On writing

When I first started using Twitter, I noticed the hashtag #amwriting quite often. I even used it once or twice. That was before I understood well, what it meant. Real writers, who write as a job, for pay, use it. I felt ridiculous using it once I realised that and I immediately stopped.

This is not to say that I know nothing of writing. I do. I have a 70, 000 word dissertation under my belt. I am accustomed to solitary hours, trapped at my desk, polishing sentences, planning, forcing ideas to come.


I know about working on a chapter for weeks only to have it completely fall apart under closer scrutiny. I know about losing work, usually because I have forgotten to backup but once because my bag was stolen – and later mysteriously returned by being lobbed over the fence. Thief with a conscience? I know about willing yourself to stay put, write another 500 words. Write another 1000 words. Finish this page. Then you can go out. Then you can eat chocolate. Then you can drink. I know about the joy an arc of story or argument can bring as it meets its glittering conclusion. I still marvel at some of the sentences I have written in that dense thesis. Did I really write that?

It has been a long time since writing occupied my life like this. It didn’t desert me though. It never really went away, this compulsion, as my notebooks and journals and scraps of paper will attest. It has taken new forms. Last year, for a lark, and to support another writer dear to my heart, I started NaNoWriMo. I knew, really, I was no good at fiction. This provided all the necessary proof. No story. No characters. A measly 5000 words in a month. It was torture, and hard to do with a one year old. My writing companion, on the other hand, wrote and wrote and wrote, her one year old notwithstanding; spurred on by the enthusiasm and the encouragement from the community.

I’d been thinking about writing. The process itself. The act of writing. How to write. How to make time. Not find it, make it. Then I read this.

I start with a yellow lined pad and a pencil. The first thing I do is try to print a sentence. Note that I say try to print a sentence, and print, not write. I use big, block letters. This I look over, change it, rewrite, and try to do another.

It sometimes takes me a couple of days before I have five or six sentences in large block letters.

It’s like laundry on a clothesline … I can pin up as many as 35 pages in three rows. It helps me get a different perspective: I can see how the scenes move, how the language works, how the sentences flow. I then sit on a chair across the room looking at them through binoculars. But the office I have now is too narrow for that.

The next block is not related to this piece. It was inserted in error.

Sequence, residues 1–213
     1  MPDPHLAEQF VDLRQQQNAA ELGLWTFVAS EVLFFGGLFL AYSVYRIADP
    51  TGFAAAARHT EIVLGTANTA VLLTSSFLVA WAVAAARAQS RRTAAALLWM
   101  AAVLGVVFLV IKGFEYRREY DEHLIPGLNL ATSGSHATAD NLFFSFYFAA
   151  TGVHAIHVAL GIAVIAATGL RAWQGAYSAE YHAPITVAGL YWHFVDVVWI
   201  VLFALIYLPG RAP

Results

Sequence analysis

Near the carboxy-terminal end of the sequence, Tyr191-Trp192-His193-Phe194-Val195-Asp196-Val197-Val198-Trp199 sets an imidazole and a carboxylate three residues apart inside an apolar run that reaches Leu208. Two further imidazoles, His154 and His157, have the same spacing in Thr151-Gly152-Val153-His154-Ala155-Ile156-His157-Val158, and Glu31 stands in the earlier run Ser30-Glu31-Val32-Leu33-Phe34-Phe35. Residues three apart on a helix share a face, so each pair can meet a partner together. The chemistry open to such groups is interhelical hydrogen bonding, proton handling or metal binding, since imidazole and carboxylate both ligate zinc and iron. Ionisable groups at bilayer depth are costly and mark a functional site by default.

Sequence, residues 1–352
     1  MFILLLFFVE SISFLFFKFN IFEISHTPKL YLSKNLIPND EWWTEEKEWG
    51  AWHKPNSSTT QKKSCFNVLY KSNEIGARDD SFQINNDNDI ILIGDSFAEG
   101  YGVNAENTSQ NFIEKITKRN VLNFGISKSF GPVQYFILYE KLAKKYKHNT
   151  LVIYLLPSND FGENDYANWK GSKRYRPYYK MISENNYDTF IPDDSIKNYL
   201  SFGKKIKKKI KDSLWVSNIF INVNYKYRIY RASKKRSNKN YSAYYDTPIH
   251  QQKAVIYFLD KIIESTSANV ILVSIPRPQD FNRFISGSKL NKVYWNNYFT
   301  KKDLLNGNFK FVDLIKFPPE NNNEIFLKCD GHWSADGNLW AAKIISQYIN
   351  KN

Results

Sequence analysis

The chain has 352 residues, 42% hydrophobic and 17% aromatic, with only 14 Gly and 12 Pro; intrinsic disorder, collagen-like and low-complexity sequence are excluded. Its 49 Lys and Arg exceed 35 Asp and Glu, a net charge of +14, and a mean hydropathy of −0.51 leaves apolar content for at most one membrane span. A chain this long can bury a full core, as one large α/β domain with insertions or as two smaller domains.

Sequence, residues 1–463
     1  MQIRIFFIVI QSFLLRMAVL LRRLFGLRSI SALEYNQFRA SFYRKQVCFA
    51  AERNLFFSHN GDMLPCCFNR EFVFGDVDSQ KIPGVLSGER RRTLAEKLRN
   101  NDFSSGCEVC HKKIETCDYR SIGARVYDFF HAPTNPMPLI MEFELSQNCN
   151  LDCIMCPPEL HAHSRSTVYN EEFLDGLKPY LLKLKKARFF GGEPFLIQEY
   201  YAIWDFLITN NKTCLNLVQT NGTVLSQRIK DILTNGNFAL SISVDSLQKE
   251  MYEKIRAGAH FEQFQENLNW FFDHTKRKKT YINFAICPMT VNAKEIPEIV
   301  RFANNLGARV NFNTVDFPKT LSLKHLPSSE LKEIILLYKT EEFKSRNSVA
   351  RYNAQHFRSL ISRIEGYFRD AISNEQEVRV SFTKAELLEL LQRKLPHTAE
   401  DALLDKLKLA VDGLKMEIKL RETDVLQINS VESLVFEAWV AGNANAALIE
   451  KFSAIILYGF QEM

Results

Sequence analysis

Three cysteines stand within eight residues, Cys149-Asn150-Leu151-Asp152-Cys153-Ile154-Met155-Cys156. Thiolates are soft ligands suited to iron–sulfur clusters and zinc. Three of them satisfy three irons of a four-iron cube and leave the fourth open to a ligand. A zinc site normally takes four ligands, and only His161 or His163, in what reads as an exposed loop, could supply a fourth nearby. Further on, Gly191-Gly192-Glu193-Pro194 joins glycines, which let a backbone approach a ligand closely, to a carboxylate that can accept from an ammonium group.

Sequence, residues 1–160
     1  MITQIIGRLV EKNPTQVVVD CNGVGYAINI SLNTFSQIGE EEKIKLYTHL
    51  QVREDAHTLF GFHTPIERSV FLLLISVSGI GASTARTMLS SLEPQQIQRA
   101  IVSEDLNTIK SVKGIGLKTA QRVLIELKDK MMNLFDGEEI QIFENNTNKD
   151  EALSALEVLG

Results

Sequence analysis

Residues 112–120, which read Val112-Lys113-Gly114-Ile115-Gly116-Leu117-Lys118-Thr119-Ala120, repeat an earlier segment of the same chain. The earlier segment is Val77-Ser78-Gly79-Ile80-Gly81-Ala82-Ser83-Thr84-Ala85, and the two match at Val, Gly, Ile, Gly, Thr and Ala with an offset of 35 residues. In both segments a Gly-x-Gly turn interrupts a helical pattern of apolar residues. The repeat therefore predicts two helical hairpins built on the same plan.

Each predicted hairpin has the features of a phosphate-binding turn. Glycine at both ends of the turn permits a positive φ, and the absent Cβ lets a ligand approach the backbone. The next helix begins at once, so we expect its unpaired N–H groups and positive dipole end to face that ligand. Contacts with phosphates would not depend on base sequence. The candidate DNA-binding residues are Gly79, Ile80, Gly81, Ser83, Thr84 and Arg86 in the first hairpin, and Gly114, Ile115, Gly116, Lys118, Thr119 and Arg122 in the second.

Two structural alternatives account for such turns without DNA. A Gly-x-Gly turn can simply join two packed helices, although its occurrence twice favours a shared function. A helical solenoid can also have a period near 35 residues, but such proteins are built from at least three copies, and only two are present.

This is an excerpt from American journalist Gay Talese, talking about his work. He is now 79 years old. He wrote the famous piece, ‘Frank Sinatra Has a Cold’, for Esquire. What intrigued me the most about this description of writing practise, is that I thought it was a novelist speaking. It sounds like fiction writing; but it is not. Tom Wolfe described Talese as the founder of what he called ‘new journalism’. According to Jose Borghino who wrote the piece* in which these descriptions appear, Talese rejected this description.

Here he is at a book signing in New York. (Getty Images)

Gay Talese

He reminds me of Leonard Cohen, in his sharp suit. Properly dressed. He is from the same era. And this wonderful painstaking craftsman, gave me some ideas. In this review of a series of collections, of bests, including The Best American Essays 2010, Jose Borghino invokes Talese and bloggers in the same sentence. He argues that the ‘slow, fastidious’ writing of those like Talese, is now gone. He says ‘the efflorescence of self-funded bloggers and amateur citizen journalists on the internet is a symptom’ of the decline the economics of newspapers and magazines today.

The ideas I had are these. Firstly, it is not necessary to write fiction to love to write, to write beautifully and to care deeply about the structure, intent and feeling of the language. This thought made my heart glad. I do care about how I write and I do care about how it reads. It was encouraging to read of Talese and his obsessions and block capitals. Secondly, I don’t ever think that the heyday of magazine writing or journalism will ever return to the pace of the 60s. Time was allowed, sub-editors knew their job. This does not mean that writers today do not care, do not know the rules of language and does not mean that bloggers cannot write beautifully.

Might get myself an American typewriter. It will make me write slowly.

* Jose Borghino ‘Annual harvest gathers fine writing’, Essays, The Australian Literary Review, April 6, 2011.